[Beijing Forum 2014] Christopher J. Webster: China to lead in designing high density healthy cities
Peking University, Nov. 9, 2014: “China has a chance to design healthy cities in a way that Europe and America never did,” said Prof. Christopher J. Webster, Dean of Faculty of Architecture, University of Hong Kong (HKU), in his presentation entitled “High Density Healthy Cities by Design: China’s Chance to Take a Lead”.
The presentation was made on Panel VII: “Toward a Harmonious Development and Mutual Prosperity in Metropolitan Areas” at Beijing Forum 2014 on November 8. Scholars from different countries and regions shared their views on the topic.
Prof. Webster delivering his speech
In his speech, Prof. Webster first pointed out that the issue of public health is “knocking on the door” of the city planners’ domain and “we have a very big chance to shape the environment in which we live and to make places more walkable, more green, more healthy”.
In his presentation, Prof. Webster illustrated the core of his research for finding a public health and urban planning science appropriate for the 21st century. He first introduced the platform for the research, which was based on the cooperation between his team in HKU and the UK Biobanks. Then he detailed the great results coming out. “We collaborate with the UK Biobanks to rewrite the knowledge base of the relationship between planning and built environment”, said Prof. Webster.
Can we build the cities in accordance with the scientific principles of healthy cities just as we understand the scientific principles of low-carbon cities? This is a question raised at the end of Prof. Webster’s presentation. He thinks it is a challenge confronted by urban planners.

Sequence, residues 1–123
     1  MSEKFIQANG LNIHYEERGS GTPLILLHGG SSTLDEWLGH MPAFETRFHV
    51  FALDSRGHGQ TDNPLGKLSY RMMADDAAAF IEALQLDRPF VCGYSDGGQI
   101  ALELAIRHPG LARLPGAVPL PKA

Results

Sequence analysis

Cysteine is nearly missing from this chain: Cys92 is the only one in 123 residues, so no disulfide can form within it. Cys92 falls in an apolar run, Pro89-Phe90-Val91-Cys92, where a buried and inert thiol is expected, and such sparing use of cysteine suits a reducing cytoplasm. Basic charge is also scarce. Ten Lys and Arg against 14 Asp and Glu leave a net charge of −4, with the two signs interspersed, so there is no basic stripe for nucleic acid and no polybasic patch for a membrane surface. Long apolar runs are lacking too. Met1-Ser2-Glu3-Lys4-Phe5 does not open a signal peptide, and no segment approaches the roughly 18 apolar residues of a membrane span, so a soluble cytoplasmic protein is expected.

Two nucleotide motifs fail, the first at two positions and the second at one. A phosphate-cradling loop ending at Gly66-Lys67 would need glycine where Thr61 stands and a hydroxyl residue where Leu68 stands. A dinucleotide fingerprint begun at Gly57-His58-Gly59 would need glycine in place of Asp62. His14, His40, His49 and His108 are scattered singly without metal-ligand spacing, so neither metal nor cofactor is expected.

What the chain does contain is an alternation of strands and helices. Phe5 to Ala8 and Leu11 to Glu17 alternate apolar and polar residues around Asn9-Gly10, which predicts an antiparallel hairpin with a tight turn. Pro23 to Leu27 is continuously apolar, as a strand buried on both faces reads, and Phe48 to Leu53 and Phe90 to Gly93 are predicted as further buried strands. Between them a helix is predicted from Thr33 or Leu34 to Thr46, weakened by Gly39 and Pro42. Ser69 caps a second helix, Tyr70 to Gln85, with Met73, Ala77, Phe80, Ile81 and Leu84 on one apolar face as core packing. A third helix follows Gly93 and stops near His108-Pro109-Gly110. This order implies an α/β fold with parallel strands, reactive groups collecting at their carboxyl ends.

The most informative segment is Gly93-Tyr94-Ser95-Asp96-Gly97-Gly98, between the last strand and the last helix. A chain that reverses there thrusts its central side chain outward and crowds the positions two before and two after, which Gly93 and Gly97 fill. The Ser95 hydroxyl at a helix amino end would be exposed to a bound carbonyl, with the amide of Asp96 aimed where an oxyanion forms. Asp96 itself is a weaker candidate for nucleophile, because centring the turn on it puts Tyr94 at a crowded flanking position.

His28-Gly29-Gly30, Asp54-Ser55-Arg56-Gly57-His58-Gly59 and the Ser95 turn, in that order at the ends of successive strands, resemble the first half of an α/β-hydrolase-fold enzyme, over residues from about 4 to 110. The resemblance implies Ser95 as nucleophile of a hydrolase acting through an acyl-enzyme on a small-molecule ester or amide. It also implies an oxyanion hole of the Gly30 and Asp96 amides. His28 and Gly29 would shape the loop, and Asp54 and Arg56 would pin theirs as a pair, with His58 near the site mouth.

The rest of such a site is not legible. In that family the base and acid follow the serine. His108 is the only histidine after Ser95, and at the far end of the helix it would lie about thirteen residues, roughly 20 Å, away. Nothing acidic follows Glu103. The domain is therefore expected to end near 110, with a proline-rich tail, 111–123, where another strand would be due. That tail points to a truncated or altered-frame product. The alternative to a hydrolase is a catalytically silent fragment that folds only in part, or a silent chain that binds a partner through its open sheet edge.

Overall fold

When asked about the chances that China has in planning and building healthy cities, Prof. Webster said, “There’s nowhere else in the world where cities have been designed on the computer and then transferred into built cities within a short period of time. That gives China a unique opportunity to design its cities for the future, a habitat in which people will live for the next hundred years, two hundred years; and to design them on the principles of greater walkability, greater green lands for healthy air and other design principles for healthy cities.” He also pointed out that what he said is not so much applicable to first-tier Chinese cities but second- and third-tier Chinese cities which “are still building on new land and so they have a chance to design more healthy cities.”
Reported by: Tang Jie
Edited by: Yan Shengnan